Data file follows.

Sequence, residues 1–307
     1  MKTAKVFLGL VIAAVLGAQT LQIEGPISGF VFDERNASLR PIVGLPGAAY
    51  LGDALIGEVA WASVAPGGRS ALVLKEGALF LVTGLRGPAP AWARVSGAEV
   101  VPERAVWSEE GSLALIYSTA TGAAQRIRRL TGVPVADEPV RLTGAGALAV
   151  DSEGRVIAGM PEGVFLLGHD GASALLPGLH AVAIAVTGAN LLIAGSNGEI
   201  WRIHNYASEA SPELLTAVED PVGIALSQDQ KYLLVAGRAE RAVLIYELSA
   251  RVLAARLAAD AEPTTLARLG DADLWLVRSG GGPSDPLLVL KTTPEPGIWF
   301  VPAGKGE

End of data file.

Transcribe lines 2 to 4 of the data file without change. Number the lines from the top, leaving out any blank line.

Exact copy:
     1  MKTAKVFLGL VIAAVLGAQT LQIEGPISGF VFDERNASLR PIVGLPGAAY
    51  LGDALIGEVA WASVAPGGRS ALVLKEGALF LVTGLRGPAP AWARVSGAEV
   101  VPERAVWSEE GSLALIYSTA TGAAQRIRRL TGVPVADEPV RLTGAGALAV